This may seem easy but not all of us earn a regular monthly, after-tax income. You need to know exactly what your income is or, you need to estimate (as accurately as possible) to ensure that you have a reasonably accurate estimation. If you earn an irregular income you can consider using an average or using a low estimate (this means you will have a conservative earnings estimate). Still all pretty easy. Let’s keep going.
#3 What do you spend your money on?
This is probably the toughest one because we don’t always want to admit what we spend our money on or, we don’t actually know. You need to know what your debts are, you need to know who you are paying, you need to know what the interest rates are.
At this point you may need to take some time to ensure that you have all of the spending information you need. You need your bank account statements so that you can work out exactly what your monthly expense are (the debit orders and deductions coming off each month).
You may need to track your expenses for a month (or two) to get a handle on what you spend your money on. This is a valuable exercise for many as it highlights the ease with which we waste hard-earned money. Taking a reality check is very important.
For your debts you need to know what you still owe and what the minimum repayment amount is. You need to do this for all of your debt repayments including your home-loan (mortgage), car-loans, credit card debts and any other debt repayment that you have.
You need to know what the monthly recurring expenses are. Do this by collecting all of the bills and statements you receive (these days most of them are probably in your e-mail inbox). Including things like utility bills, pay-tv accounts, retail accounts and other monthly recurring expenses.
#4 Categorise your spending
It is very helpful to categorise your spending. You can be as simple or as complicated as suits you. It is important though (and very helpful) to categorise your expenses.
Before you proceed…
The next step will be to record the information we have gathered. Before you get there make sure that you have EVERYTHING you need. Don’t start fiddling with Apps and Spreadsheets if you haven’t gathered all the information you need. You will be amazed at how much time you can spend fiddling, the point here is to get complete, accurate and relevant data so that we can use whatever tool we choose as effectively as possible.
#5 Record it!
There are so many ways to record the information you have gathered. It is not important how you record your information. You can choose an old-fashioned note-book, pen and calculator or you can choose a spreadsheet, or you can download an application. There are so many options.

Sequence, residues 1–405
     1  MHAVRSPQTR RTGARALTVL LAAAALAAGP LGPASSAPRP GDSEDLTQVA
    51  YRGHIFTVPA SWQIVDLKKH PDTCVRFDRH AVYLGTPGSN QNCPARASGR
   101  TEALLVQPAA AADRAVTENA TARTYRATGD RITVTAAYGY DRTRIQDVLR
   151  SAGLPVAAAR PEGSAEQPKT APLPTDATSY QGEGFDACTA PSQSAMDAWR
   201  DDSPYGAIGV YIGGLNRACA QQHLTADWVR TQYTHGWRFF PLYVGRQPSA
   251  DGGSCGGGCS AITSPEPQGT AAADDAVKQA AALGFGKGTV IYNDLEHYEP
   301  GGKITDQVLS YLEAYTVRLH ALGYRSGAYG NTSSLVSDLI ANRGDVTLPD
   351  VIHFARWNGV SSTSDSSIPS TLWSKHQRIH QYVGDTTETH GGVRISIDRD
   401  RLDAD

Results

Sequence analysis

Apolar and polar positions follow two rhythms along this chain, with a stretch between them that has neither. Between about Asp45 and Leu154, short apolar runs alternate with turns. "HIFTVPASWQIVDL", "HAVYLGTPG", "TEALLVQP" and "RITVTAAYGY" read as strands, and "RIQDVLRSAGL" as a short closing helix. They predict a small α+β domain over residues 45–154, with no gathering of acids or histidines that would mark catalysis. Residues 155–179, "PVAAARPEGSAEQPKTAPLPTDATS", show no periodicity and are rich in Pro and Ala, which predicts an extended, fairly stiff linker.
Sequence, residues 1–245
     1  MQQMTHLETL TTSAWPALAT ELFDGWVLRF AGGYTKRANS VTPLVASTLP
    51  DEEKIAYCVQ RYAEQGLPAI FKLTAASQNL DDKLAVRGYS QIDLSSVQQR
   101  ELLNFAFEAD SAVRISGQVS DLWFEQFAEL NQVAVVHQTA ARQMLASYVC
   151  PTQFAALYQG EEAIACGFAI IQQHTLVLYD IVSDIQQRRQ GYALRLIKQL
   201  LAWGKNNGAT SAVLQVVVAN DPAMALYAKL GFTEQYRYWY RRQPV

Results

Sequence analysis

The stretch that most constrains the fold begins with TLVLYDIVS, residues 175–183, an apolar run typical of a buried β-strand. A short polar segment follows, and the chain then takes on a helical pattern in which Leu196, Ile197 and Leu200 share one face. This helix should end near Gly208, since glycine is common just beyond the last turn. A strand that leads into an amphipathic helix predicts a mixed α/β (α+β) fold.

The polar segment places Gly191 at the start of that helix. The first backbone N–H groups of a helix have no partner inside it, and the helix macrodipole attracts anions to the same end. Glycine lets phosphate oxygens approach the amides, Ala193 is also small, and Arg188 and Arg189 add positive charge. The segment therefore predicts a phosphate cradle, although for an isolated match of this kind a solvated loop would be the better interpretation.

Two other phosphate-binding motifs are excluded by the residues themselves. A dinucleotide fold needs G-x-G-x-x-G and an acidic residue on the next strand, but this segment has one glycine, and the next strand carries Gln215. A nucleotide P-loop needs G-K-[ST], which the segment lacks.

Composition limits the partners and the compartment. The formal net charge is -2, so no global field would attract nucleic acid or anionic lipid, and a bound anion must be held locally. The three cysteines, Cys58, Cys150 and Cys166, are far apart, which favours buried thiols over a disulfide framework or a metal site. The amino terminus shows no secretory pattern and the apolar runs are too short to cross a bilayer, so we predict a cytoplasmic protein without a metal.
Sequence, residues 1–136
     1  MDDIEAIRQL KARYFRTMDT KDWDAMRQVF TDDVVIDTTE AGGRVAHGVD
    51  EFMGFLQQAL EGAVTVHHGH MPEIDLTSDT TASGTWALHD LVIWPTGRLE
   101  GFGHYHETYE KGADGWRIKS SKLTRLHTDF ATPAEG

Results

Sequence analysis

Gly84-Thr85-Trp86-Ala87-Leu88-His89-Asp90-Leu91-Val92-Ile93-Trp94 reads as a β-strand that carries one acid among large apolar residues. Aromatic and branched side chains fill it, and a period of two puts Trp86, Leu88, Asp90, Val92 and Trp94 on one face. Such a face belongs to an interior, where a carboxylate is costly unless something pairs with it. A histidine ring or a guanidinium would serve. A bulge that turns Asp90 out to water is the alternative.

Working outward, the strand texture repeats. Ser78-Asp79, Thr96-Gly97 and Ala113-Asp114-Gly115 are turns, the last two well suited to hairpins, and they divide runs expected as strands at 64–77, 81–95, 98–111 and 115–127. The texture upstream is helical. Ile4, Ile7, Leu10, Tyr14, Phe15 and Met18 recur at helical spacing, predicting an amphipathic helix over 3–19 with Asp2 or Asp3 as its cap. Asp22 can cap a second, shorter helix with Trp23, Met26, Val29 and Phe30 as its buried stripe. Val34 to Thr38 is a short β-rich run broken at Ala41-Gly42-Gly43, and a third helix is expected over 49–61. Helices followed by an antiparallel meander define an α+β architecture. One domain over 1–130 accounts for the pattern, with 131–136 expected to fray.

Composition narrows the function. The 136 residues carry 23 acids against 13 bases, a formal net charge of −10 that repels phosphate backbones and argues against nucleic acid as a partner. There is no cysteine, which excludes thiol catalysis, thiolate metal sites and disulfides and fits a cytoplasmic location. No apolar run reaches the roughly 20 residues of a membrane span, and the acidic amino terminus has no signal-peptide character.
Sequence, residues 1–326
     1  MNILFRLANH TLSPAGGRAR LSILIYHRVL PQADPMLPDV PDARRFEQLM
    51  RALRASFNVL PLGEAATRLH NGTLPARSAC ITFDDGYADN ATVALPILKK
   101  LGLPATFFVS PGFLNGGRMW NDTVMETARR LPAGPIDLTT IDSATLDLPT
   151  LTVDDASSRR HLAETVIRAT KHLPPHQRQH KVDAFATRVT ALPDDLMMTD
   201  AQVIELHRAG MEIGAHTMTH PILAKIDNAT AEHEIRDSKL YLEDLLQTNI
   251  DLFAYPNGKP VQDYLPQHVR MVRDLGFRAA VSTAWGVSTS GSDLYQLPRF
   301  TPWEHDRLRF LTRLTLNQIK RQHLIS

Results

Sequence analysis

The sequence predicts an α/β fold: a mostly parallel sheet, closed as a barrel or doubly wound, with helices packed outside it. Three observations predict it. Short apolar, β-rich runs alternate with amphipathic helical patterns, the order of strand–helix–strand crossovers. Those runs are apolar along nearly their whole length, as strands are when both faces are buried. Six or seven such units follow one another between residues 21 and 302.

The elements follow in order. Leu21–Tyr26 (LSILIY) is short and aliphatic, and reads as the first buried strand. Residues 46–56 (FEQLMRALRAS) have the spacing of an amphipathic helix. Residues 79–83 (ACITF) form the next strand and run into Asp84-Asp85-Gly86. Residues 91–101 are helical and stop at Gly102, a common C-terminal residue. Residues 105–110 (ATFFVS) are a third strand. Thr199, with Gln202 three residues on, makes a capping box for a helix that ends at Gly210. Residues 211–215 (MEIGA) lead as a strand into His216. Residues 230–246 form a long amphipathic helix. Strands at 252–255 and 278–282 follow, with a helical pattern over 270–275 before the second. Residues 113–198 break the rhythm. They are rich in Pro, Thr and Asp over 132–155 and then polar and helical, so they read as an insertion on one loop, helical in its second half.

If you use Microsoft Excel, you can use the budget templates that come pre-packaged with the application or you can use applications like YNAB (You need a budget) for example.
There are many options available. The point though, is that you need to get your income and expenditure estimated and recorded. It is as simple as that.
#6 What is the result?
If you have entered your income and expenditure accurately, you are going to get to a result. The result will be one of two things – positive or negative. If you are spending (or need to spend) more than you are earning then the result will be negative. You don’t have to be negative, you just have to start being honest about your spending. If the result is negative you need to start planning to reduce the debts.
If the result is positive it means you are earning more than you spend. This is good news and will allow you to start thinking about real savings and investments.
Right, what’s next?
Knowing where things stand is very important. Don’t worry too much if your budget doesn’t ‘balance’ – if you are spending more than you earn you will need to do something. If you have extra cash available (your budget is positive) then it’s time to start moving ahead rapidly. It’s time to start looking at the best ways to save and invest.
For now, make sure that you have a budget. Make sure that you have completed all of these six steps properly (in detail) so that you have uncovered any and all skeletons in that financial closet of yours.
Here are some more articles to help you get started